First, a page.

Emergency responses 'to keep families safe'

House Speaker Nancy Pelosi of Calif., left, and Senate Majority Leader Mitch McConnell of Ky., right, bump elbows as they attend a lunch with Irish Prime Minister Leo Varadkar on Capitol Hill in Washington, Thursday, March 12, 2020. (AP Photo/Susan Walsh)

Kolby KickingWoman

Lawmakers press ahead with legislative action related to COVID-19

As the United States and the world continue to deal with the COVID-19 outbreak, the executive branch and both bodies of Congress have both begun to put forward legislative proposals to stymie the fallout of the coronavirus.

Late Wednesday evening, President Donald J. Trump addressed the nation from the Oval Office and said the United States has had an unprecedented, aggressive and comprehensive response. In time, he said, he’s confident the coronavirus will be defeated.

“From the beginning of time, nations and people have faced unforeseen challenges, including large-scale and very dangerous health threats,” Trump said. “This is the way it always was and always will be. It only matters how you respond, and we are responding with great speed and professionalism.”

As part of his proposals, President Trump is suspending most travel for the next 30 days from Europe starting Friday, March 13 at midnight. He added there will be exemptions for American citizens that undergo “appropriate screenings” and it does not apply to trade and cargo.

Last week, President Trump signed an $8.3 billion bill to help fund the Center for Disease Control and Prevention and other government agencies. He called for nursing homes to suspend medically unnecessary visits and advised for the reduction of large gatherings and social distancing.

Additionally, President Trump directed the Small Business Administration to provide low-interest loans to small businesses in affected areas and asked Congress to increase funding for the program by $50 billion.

Trump also called on Congress to pass legislation on payroll tax relief.

Lastly, he advised the public to take part in common-sense approaches to combat the spread of the Coronavirus.

“For all Americans, it is essential that everyone take extra precautions and practice good hygiene. Each of us has a role to play in defeating this virus,” Trump said. “Wash your hands, clean often-used surfaces, cover your face and mouth if you sneeze or cough, and most of all, if you are sick or not feeling well, stay home.”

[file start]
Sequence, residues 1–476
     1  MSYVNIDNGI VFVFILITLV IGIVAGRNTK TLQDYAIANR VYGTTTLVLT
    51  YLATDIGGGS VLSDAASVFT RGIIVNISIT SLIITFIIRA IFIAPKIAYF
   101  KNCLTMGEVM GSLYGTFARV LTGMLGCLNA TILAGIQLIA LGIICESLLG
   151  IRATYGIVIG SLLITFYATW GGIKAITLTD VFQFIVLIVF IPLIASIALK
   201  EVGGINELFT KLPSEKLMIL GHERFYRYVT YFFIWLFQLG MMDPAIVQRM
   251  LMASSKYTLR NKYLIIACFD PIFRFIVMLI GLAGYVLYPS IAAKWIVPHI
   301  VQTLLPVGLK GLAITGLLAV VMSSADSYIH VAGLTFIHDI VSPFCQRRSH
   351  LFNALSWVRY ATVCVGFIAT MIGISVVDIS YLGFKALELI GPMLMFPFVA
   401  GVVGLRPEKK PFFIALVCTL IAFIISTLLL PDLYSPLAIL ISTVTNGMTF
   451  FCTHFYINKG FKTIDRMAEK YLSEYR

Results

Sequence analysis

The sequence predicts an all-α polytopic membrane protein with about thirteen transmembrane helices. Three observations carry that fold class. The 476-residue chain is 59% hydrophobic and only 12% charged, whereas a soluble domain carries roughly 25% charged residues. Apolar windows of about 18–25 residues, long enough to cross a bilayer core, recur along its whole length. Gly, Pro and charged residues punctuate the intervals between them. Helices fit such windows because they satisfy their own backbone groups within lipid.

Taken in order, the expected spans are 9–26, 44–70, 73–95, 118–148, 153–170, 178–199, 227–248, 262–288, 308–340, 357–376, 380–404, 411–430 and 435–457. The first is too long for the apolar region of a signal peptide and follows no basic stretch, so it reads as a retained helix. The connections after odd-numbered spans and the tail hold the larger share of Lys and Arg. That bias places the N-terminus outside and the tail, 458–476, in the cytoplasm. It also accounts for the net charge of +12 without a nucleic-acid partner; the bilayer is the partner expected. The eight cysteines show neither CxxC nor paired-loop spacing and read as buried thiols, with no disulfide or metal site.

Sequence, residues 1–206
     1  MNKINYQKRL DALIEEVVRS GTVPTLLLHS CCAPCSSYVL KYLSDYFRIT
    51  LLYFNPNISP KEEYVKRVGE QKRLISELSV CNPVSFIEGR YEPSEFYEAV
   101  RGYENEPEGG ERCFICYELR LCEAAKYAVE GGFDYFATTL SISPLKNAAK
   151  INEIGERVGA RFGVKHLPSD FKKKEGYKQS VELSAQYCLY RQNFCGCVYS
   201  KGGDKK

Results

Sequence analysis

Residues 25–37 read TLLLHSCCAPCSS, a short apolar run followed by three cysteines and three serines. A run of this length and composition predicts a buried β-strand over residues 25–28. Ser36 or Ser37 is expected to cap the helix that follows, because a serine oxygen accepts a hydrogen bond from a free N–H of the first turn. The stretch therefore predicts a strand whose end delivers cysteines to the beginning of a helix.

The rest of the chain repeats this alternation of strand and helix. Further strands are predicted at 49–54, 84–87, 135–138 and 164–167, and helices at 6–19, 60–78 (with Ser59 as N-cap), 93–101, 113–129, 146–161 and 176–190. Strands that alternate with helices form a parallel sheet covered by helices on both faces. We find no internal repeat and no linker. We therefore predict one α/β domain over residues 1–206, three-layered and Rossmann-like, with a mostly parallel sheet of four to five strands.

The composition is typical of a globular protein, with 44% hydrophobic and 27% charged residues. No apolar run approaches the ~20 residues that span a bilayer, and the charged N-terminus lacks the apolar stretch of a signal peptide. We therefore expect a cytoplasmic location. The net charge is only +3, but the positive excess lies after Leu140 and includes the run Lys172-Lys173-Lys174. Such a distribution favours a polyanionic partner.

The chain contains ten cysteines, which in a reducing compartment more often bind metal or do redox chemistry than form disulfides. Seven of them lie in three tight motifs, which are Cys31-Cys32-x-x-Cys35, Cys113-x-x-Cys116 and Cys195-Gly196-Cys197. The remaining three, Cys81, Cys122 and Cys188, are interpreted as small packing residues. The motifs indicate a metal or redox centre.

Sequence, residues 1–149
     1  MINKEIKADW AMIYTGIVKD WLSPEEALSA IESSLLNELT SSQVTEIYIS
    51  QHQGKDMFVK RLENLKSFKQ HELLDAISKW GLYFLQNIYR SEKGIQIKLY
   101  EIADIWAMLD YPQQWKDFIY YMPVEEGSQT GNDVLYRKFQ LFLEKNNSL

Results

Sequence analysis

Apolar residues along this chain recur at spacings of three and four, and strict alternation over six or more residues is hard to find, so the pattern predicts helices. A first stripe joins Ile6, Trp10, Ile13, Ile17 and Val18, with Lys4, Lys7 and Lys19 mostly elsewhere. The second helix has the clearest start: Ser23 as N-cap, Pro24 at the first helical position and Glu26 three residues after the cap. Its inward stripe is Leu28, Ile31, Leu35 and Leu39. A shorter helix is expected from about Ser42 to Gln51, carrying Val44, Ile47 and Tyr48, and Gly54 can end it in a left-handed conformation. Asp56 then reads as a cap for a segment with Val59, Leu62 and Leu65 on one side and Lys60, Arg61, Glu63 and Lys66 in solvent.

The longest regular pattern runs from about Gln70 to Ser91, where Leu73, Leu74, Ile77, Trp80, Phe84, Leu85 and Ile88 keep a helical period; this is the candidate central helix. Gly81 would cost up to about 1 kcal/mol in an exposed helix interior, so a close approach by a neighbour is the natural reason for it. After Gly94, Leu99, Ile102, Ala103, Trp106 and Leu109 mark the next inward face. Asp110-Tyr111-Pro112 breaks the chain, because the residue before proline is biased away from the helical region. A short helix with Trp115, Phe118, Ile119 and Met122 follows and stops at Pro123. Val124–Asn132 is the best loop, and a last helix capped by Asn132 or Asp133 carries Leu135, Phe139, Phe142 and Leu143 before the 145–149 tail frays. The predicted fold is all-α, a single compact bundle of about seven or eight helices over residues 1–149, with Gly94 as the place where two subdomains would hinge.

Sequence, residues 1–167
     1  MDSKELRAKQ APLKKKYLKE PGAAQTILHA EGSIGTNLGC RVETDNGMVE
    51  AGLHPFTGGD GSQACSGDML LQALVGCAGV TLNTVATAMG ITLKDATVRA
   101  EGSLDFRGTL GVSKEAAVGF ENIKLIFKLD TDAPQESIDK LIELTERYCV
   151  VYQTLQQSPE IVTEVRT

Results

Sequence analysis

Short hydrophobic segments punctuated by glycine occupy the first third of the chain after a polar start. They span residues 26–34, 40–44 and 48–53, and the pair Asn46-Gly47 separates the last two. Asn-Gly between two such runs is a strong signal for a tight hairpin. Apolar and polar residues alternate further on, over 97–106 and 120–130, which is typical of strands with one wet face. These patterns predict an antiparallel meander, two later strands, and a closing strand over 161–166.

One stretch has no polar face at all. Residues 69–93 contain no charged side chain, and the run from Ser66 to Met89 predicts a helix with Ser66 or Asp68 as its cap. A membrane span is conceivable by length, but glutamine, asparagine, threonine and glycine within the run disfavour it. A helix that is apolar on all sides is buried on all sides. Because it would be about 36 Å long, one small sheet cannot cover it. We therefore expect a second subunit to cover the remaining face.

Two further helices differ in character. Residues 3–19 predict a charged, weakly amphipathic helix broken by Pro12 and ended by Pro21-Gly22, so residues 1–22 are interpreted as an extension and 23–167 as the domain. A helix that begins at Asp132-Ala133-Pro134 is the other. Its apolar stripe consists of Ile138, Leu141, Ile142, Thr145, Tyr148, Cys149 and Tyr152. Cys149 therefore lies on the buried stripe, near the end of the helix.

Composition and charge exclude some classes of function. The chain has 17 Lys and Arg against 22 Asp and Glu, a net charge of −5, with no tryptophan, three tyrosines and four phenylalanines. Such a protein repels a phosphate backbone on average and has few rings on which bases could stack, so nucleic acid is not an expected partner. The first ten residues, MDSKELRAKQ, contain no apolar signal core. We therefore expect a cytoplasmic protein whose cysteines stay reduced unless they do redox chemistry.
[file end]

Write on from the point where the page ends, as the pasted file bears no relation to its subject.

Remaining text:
In ending his address, President Trump sought to unite the country and encourage a bipartisan effort from the nation’s capital.

“We are all in this together,” Trump said. “We must put politics aside, stop the partisanship, and unify together as one nation and one family.”

As for the lawmakers on Capitol Hill, Rep. Deb Haaland, Laguna Pueblo, D-New Mexico, along with other Democrat members of the House, introduced an emergency food security bill that would boost SNAP benefits and delay the work requirement rule the Trump Administration had planned to implement.

“No family should have to worry about getting food because they’re sick and can’t go to work, but right now workers in our country are struggling to make ends meet because coronavirus is impacting work schedules and incomes,” Haaland said. “That’s why we’re introducing an emergency bill to make sure folks can feed their families during this public health crisis and prevent further unnecessary food insecurity.”

She also released a statement on recent confirmed cases in her home state, saying her team is in contact with health agencies at every level of government to keep people updated and safe.

“New Mexico should feel secure that we’re doing everything we can to address this public health emergency,” Haaland said in the statement. “The House passed a bipartisan funding bill that will help keep families safe and healthy, we are supporting paid sick leave and expanding food assistance for those who are struggling to make ends meet because coronavirus is impacting work schedules and incomes.”

During the second day of a Coronavirus Preparedness and Response hearing Thursday morning, Rep. Haaland questioned Dr. Ray Redfield, director of the Center for Disease Control and Prevention, about the capacity for adequate testing for COVID-19.

Haaland was seeking more information on testing after it was revealed a couple in Socorro, New Mexico tested positive for coronavirus after being on a cruise ship where the disease was known to be found.

Haaland said they were “doing their normal, everyday life for 10 entire days” before the state was alerted to have them tested.

“This adequate testing, I have to believe that it will reveal an exponential number of cases throughout the country and what is the responsibility to just make sure we are getting this information out to people?,” Haaland asked.